Friday, 4 January 2013


The days following Christmas are almost a hangover from the holiday.

Late, lazy mornings quietly bleed into long afternoons, spent snuggled up against the cold with occasional bracing strolls around an eerily empty city to get the blood flowing. But after a few cozy days of hibernation, we wanted to polish off the lingering patina of Christmas, and getting out of town seemed the best way to do so.

Hangzhou, although only an hour away by high-speed train, feels worlds away from Shanghai. Even as a city itself, and a large one even by China's standards, Hangzhou's perch on majestic West Lake overlooking rolling mountains provided a view of nature unlike any available to our urban-accustomed eyes. Waking up to the sound of birdsong was first unsettling but then refreshing - it was nice to breathe (relatively) fresh air again.

Over the next two days, from our base at the fantastic lake-side Hangzhou International Youth Hostel, we wandered around the lake visiting laughably scenic spots - picturesque pagodas, Buddhist temples, and striking bridges. Our first day the air was thick with moisture, providing an atmospheric haze from which the curling tips of pagoda roofs emerged and mountains receded in undulating rows of paling grays.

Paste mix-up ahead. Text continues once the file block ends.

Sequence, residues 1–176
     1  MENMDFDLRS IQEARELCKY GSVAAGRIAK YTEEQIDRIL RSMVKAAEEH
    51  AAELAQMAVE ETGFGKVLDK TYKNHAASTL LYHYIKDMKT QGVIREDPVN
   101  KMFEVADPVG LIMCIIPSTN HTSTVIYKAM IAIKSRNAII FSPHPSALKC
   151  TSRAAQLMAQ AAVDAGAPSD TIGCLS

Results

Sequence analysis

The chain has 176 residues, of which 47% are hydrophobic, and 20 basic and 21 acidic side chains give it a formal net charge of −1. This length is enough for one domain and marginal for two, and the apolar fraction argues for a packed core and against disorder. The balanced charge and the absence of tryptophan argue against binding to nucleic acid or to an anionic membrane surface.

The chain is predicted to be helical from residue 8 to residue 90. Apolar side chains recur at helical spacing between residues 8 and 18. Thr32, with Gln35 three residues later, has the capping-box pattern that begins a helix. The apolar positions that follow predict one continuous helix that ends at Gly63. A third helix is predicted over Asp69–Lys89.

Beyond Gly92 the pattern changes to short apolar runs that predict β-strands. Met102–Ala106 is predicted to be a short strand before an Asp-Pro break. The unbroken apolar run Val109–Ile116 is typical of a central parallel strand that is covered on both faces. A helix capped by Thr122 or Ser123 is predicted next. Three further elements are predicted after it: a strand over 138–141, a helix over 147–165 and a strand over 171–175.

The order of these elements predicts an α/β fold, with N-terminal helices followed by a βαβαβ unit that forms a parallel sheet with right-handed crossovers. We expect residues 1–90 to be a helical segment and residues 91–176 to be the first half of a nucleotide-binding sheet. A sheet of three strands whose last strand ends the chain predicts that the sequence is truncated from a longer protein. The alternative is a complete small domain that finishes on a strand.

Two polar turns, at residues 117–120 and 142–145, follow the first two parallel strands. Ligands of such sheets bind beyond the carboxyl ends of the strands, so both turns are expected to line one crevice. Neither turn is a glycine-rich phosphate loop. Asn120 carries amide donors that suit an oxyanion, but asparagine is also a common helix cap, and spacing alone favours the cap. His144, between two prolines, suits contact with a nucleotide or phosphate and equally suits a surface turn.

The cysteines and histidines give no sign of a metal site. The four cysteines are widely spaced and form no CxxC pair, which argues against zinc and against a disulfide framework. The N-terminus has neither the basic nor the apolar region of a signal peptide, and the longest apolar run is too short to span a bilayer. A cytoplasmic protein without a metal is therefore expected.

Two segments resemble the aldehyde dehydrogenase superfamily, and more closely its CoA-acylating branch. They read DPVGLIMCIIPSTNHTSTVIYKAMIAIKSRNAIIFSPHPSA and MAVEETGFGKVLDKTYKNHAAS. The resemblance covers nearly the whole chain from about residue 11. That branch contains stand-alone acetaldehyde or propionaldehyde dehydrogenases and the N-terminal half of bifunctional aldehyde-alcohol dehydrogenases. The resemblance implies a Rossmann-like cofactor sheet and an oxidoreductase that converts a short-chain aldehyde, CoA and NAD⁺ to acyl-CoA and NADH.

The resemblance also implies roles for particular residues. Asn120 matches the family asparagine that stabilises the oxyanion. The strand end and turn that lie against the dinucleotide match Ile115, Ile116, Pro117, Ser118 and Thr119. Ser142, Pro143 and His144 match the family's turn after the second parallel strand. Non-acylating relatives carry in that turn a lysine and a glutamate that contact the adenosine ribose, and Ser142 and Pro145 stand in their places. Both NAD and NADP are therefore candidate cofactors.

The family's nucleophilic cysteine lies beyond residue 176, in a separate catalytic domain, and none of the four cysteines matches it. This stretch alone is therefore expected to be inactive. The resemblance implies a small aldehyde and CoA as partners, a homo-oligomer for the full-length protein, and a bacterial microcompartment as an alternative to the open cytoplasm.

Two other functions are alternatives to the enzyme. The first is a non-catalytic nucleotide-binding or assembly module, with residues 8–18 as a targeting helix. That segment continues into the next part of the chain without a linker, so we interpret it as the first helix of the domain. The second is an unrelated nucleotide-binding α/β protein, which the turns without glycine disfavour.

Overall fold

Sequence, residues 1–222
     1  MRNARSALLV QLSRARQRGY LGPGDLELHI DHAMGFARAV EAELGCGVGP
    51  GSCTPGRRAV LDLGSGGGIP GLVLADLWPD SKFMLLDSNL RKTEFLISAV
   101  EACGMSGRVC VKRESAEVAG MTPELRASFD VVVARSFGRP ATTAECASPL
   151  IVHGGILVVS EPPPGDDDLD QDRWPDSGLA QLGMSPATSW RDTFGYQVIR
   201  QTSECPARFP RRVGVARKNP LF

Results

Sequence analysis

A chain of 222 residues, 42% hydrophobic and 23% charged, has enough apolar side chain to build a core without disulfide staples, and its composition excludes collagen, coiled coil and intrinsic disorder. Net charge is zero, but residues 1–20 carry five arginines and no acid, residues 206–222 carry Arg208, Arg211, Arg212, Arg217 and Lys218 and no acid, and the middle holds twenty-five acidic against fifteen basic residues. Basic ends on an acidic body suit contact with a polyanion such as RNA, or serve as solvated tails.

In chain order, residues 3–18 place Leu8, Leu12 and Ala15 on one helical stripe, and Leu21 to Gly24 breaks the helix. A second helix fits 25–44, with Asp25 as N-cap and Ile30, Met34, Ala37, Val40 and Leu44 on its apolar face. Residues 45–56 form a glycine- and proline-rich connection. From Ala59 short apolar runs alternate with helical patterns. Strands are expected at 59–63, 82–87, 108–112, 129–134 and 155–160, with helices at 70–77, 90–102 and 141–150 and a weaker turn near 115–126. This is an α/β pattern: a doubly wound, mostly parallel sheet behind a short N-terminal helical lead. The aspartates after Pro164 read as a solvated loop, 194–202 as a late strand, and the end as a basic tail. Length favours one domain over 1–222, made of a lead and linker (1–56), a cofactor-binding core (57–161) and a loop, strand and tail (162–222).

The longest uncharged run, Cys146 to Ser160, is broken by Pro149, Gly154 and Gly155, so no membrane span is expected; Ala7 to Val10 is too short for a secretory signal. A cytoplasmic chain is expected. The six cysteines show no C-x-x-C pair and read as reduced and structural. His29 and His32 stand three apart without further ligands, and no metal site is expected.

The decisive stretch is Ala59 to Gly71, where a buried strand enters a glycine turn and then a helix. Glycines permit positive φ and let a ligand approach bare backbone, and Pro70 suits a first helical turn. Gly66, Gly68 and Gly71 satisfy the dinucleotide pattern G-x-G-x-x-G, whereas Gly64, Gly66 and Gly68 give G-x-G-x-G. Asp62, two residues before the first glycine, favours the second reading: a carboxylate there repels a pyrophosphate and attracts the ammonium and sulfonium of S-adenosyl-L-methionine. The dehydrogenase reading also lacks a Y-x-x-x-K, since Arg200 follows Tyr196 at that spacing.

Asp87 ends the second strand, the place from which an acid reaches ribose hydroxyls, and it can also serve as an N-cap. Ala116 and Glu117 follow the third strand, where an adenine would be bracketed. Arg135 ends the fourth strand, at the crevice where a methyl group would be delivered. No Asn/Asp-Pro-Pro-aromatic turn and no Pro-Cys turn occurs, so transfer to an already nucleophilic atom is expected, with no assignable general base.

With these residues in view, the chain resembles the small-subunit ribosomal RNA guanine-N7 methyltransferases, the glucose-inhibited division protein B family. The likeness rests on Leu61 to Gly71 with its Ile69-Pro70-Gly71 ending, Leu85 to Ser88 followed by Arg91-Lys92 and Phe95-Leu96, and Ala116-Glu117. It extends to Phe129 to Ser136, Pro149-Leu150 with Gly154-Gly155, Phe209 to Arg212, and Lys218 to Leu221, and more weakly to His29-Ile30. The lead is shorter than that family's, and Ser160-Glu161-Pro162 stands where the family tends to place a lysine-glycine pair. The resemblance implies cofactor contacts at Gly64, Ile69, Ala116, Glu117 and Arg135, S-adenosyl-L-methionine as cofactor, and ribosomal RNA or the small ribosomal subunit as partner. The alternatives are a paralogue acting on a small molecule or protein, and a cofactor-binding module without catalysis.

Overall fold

After an evening of flurries, the day dawned blue and bright and we hiked up into the snowy hills and down through the frosted fields of Longjing village's famous tea plantations. The terraced steppes, striping the mountains in the piercing winter sunlight, made for an incredible sight.

But beyond the scenery, the Hangbang (yep) food would be reason enough to make the journey. Hangbang cai is known for specialties like beggar's chicken, wrapped in lotus leaves and baked in clay, and fresh fish, presumably from in/around the lake. The area's famous long jing tea is also employed in all manner of cooking and baking.

Our first night, while wandering the town's central pedestrianized street, we stumbled across the Guangfu Lu food street. The short street was covered and lined with uniform stalls serving local street snacks - stacks of leaf-wrapped chicken bundles, cauldrons of soups and stews, and sticks of meat and seafood ready for the coals burst from the while uniformed stallholders called out on the merits of their respective snacks. We grabbed a few small things - some boneless fried chicken, glutenous rice over pork, delicious rice dumplings - and sat at one of the low tables lining the center of the street.

Not one of our choices, strangely enough.

It was a great introduction to some local favorites for almost nothing, and the atmosphere was high despite the low temperature.

The next days brought two of the best (and least expensive) meals I have had in China, let alone Hangzhou.

Although Green Tea has many locations, the one on the road to Longjing village from the west side of the lake can be described as no less than magical. Set on stilts over a pond, surrounded by tea fields, and looking down the valley, the rambling restaurant - it is always packed (and doesn't accept reservations) which we took as a good sign.